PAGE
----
3. A process as defined in claim 1, wherein the anionic protective colloid is a sulfo group-containing homopolymer or copolymer.
4. A process as defined in claim 1, wherein the anionic protective colloid is a homopolymer or copolymer of 2-acrylamido-2-methylpropanesulfonic acid, sulfoethyl or sulfopropyl (meth)acrylate or vinylsulfonic acid.
5. A process as defined in claim 1, wherein the melamine-formaldehyde resin used comprises reaction products of melamine with formaldehyde in a molar ratio of from 1:3 to 1:6, the reaction products being optionally etherified with methanol.
6. A process as defined in claim 1, wherein the preparation of the microcapsules is carried out at pH's of from 3 to 5.
7. A process as defined in any of claims 1 to 6, wherein use is made of
7 to 20 wt % of melainine-formaldehyde resin and/or the methyl ethers thereof and 2 to 15 wt % of urea whose amino groups are optionally linked to an ethylene or propylene bridge,
based, in each case, on the material forming the core of the capsule.
8. Microcapsules made by a process comprising:
condensing a melamine-formaldehyde resin and/or the methyl ethers thereof in a water dispersion of a substantially water-insoluble material forming the core of the microcapsules, in the presence of an anionic protective colloid and urea whose amino groups are optionally linked to an ethylene or propylene group, at a pH of from 3 to 6.5 and at temperatures of from 20° to 50° C., thereby forming the microcapsules; and
curing the shell of the microcapsules at from >50° to 100° C.,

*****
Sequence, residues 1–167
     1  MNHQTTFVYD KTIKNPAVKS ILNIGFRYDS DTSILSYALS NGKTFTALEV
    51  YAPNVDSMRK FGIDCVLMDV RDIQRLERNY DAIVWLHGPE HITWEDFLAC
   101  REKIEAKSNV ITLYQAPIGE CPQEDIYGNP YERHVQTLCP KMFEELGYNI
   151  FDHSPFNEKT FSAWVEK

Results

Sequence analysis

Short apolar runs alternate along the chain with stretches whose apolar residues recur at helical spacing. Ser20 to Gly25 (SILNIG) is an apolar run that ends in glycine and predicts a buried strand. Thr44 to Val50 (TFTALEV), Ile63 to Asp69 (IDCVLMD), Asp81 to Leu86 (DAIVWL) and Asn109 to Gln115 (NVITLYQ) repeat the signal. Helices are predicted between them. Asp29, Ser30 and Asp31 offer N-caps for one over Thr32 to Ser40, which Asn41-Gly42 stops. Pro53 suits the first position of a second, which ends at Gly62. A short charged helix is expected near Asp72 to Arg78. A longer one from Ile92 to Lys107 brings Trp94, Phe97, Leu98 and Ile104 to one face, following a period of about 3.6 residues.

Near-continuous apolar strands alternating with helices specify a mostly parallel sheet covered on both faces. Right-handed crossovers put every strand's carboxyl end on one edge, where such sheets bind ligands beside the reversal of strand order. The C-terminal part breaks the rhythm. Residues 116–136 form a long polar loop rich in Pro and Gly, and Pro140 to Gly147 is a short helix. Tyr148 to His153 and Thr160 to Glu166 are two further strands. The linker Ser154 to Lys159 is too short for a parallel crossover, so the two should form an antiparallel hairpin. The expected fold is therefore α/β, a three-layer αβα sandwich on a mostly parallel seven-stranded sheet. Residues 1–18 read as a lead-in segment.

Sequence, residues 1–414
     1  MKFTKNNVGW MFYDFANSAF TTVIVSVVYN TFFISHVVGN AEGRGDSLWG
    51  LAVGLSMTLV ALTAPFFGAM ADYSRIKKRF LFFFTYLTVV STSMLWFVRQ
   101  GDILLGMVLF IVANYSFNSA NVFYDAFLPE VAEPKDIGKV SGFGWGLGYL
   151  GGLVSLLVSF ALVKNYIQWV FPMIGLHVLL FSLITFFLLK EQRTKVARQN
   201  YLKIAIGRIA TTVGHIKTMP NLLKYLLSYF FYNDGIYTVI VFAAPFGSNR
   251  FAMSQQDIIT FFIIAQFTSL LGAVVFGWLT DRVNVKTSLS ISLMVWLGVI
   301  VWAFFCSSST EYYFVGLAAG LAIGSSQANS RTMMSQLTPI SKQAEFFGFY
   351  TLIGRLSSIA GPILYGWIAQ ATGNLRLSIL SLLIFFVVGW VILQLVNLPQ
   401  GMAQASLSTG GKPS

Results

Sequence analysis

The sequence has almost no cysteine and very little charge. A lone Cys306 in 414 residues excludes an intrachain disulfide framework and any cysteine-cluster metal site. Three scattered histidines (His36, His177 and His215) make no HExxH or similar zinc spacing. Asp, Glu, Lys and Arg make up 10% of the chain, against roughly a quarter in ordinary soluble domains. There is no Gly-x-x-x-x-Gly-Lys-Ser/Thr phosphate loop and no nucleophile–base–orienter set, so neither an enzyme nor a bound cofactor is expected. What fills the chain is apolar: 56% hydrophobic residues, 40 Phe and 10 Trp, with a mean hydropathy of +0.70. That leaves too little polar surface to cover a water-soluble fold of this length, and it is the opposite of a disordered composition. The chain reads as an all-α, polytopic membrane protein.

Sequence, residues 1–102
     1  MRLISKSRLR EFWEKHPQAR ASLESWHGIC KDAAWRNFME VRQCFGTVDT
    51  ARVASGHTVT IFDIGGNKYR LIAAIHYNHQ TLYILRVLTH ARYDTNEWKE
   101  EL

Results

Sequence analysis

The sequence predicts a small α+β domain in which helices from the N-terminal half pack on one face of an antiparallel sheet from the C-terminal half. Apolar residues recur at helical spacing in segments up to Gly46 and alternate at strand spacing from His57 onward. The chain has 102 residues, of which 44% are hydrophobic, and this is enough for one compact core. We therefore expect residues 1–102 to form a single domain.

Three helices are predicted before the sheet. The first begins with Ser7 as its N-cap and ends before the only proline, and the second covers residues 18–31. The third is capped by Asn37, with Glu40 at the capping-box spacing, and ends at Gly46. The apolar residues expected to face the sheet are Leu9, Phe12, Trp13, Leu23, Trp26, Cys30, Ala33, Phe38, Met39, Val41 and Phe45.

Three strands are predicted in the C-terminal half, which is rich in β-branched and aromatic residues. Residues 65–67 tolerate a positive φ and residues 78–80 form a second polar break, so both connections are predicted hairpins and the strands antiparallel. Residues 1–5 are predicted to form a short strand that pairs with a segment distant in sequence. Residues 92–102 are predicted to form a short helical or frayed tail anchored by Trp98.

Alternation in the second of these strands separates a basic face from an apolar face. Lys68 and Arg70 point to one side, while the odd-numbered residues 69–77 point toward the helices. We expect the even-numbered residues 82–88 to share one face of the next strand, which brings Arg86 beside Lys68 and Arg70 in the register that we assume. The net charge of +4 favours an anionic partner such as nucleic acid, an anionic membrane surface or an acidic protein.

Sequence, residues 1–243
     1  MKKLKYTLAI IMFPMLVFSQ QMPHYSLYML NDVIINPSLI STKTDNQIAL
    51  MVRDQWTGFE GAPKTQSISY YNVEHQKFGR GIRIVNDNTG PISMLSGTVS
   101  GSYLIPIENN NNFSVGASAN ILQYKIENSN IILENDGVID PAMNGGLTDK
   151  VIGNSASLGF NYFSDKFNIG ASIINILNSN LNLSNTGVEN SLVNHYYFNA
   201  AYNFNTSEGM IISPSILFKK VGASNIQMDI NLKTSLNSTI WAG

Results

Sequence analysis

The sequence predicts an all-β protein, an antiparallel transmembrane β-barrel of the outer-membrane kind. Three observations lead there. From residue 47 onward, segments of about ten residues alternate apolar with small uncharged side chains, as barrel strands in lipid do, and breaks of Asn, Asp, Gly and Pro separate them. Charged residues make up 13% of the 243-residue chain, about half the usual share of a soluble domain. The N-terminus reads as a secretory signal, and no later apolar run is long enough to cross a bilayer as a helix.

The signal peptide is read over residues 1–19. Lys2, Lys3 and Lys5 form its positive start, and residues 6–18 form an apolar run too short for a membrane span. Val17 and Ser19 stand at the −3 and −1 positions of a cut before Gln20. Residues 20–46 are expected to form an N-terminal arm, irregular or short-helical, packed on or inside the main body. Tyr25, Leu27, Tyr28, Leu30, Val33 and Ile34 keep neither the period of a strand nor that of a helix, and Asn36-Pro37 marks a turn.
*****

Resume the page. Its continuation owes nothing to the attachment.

wherein said urea is present in an amount of from 10 to 200 wt % prior to curing, based on the melamine-formaldehyde resin.
9. A dispersion comprising the microcapsules of claim 8.
10. Paper coated with a coating comprising the microcapsules of claim 8.
11. Pressure-sensitive recording systems comprising the microcapsules of claim 8.
Description
BACKGROUND OF THE INVENTION FIELD OF THE INVENTION

The present invention relates to a process for the preparation of microcapsules by the condensation of melamine-formaldehyde resins and/or the methyl ethers thereof in water, in which the substantially water-insoluble material forming the core of the capsules is dispersed, in the presence of an anionic protective colloid at pH's ranging from 3 to 6.5 by the formation of the microcapsules at temperatures ranging from 20° to 50° C. followed by curing of the shell of the capsules at from >50 to 100° C. It also relates to the microcapsules produced by the process and to the use thereof in pressure-sensitive recording systems.